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Pulmonary Lymphangitic Mesotheliomatosis | OMICS International
ISSN: 2161-105X
Journal of Pulmonary & Respiratory Medicine

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Pulmonary Lymphangitic Mesotheliomatosis

Pierre Edde*, Nehme Romy, and Chababi Mirna

Centre Hospitalier Universitaire -Notre Dame De Secours (CHU-NDS) Hospital, Jbeil, Medical school of University Saint Esprit–Kaslik (USEK), Kaslik, Lebanon

*Corresponding Author:
Pierre Edde
Notre Dame De Secours (CHU-NDS) Hospital, Jbeil
Medical school of University Saint Esprit–Kaslik (USEK)
Kaslik, Lebanon
E-mail: [email protected]

Received date: February 04, 2013; Accepted date: February 27, 2013; Published date: March 04, 2013

Citation: Edde P, Romy N, Mirna C (2013) Pulmonary Lymphangitic Mesotheliomatosis. J Pulmon Resp Med 3:136 doi:10.4172/2161-105X.1000136

Copyright: © 2013 Edde P, et al. This is an open-access article distributed under the terms of the Creative Commons Attribution License, which permits unrestricted use, distribution, and reproduction in any medium, provided the original author and source are credited.

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Abstract

We report a 45 year old male with right sided pleural mesothelioma who received neoadjuvant chemotherapy prior to a right extrapleural pneumonectomy followed by adjuvant chemotherapy. The patient became tumor free and remained in remission for 19 months following which he developed a lymphangitic spread over the contralateral lung. His diagnosis was confirmed by a bronchoscopic transbronchial biopsy of the left lung. The patient died from progressive respiratory failure over a period of three months. Such a relapse with an aggressive and fatal lymphangitic spread is rarely seen and reported in malignant pleural mesothelioma. Discussion and review of the literature are provided. Mesothelioma is still considered, worldwide, a rare cancer of the serosal membranes. It typically involves the pleural cavity but other reported sites include the peritoneum, pericardium and Tunica vaginalis of the testis. The usual progression of the mesothelioma is coalescence of multiple, small nodules into large masses that invade, entrap and destroy the affected organ by direct extension and invasion. We report an unusual case of relapsing mesothelioma, recurring in an aggressive and fatal form, after 19 months of remission.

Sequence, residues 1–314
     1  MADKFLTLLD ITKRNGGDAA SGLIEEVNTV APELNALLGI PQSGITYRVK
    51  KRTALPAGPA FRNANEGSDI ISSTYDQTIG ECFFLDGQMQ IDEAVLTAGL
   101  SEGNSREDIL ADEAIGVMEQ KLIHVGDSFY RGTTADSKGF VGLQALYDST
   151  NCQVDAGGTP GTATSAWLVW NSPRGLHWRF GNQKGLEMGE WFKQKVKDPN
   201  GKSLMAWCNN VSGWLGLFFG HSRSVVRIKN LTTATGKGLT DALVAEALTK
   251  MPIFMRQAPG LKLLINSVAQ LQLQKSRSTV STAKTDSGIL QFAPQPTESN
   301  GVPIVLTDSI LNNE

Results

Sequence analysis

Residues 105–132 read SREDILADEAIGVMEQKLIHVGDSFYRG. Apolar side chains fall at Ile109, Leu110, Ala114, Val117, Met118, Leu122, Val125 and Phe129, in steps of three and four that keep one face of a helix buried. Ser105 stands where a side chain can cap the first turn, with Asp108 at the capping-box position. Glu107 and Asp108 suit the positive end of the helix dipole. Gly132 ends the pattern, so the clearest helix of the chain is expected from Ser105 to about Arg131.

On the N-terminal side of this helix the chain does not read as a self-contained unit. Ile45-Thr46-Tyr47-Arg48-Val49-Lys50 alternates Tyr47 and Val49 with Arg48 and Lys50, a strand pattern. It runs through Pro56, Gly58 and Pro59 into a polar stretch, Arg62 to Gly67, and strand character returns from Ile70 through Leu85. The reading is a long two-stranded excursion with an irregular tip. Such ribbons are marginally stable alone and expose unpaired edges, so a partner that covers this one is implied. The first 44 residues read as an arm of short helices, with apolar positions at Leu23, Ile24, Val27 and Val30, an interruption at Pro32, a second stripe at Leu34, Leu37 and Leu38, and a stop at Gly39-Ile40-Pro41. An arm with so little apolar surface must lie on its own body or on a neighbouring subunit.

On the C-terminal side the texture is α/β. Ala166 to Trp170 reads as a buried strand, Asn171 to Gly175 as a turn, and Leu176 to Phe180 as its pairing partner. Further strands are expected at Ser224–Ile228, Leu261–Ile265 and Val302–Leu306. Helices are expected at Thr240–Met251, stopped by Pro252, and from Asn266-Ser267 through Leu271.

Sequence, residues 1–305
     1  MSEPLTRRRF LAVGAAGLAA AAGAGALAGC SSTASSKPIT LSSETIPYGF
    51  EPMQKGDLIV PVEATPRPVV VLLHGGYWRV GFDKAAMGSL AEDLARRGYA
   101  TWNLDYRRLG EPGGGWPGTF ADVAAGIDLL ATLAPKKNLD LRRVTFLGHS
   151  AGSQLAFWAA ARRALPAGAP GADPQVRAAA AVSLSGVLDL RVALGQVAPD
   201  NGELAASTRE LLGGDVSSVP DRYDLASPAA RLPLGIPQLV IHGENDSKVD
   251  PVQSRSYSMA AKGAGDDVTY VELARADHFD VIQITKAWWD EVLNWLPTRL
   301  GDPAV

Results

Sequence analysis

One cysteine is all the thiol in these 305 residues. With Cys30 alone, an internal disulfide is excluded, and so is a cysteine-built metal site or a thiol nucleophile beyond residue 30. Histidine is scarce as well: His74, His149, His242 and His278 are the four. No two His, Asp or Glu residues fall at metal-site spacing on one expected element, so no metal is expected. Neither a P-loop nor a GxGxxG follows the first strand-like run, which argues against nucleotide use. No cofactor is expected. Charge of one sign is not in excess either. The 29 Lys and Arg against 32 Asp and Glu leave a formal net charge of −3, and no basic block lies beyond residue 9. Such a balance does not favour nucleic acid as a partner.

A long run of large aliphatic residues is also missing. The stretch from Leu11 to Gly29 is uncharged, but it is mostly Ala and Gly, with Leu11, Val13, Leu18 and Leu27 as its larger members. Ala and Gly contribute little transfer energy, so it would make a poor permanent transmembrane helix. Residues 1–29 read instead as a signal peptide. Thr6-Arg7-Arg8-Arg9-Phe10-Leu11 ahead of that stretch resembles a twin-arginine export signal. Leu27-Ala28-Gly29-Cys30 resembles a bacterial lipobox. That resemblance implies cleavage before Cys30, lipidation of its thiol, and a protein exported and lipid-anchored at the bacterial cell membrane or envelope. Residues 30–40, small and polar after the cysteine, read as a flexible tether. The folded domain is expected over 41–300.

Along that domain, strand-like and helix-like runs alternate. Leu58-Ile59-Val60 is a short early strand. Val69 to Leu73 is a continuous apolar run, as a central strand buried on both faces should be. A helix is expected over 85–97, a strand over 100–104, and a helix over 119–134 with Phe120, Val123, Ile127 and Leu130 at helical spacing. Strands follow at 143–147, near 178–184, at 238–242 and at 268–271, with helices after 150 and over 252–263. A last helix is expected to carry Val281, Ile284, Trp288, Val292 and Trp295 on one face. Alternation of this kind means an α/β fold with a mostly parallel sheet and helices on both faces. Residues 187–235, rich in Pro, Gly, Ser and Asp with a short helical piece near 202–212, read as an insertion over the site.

Case Report

T. H. is a 45 year old man who was exposed to asbestos from his neighborhood between the ages of 6 to 12 years of age. He was diagnosed with mesothelioma in April 2009 by right pleural biopsy. He received four cycles of neoadjuvant chemotherapy followed by right Extrapleural Pneumonectomy (EPP), in June 2009, and then three cycles of adjuvant chemotherapy. He was followed up with serial CT scans of the chest every 6 months. He remained radiographically tumor free for 19 months. On Jan 17, 2011, CT Chest revealed a 2 cm substernal nodule. At that time, he was completely asymptomatic. Two weeks later, he started complaining of a dry cough refractory to treatment. Open biopsy of the nodule showed only fibrotic tissue. The patient’s cough progressed in severity. He became dyspneic to moderate effort. Chest X-Ray followed by CT scan of the Chest confirmed the presence of a severe interstitial process (Figures 1 and 2) proven by a bronchoscopic transbronchial biopsy to be recurrence of the mesothelioma in a lymphangitic pattern. There was no left pleural masses or mediastinal adenopathies noted. The patient expired after nine days from progressive respiratory failure.

pulmonary-respiratory-medicine-diffuse-infiltrates

Figure 1: To the left: CXR done on 1/17/2011 (19 months post Right pneumonectomy) showing normal Left lung. To the right: same view after 2.5 months showing diffuse infiltrates.

pulmonary-respiratory-medicine-same-level

Figure 2: To the left: CT Scan of the chest done on 1/17/2011 (19 months post Right pneumonectomy) showing normal Left lung. To the right: CT scan after 2.5 months at the same level showing diffuse parenchyma infiltrates.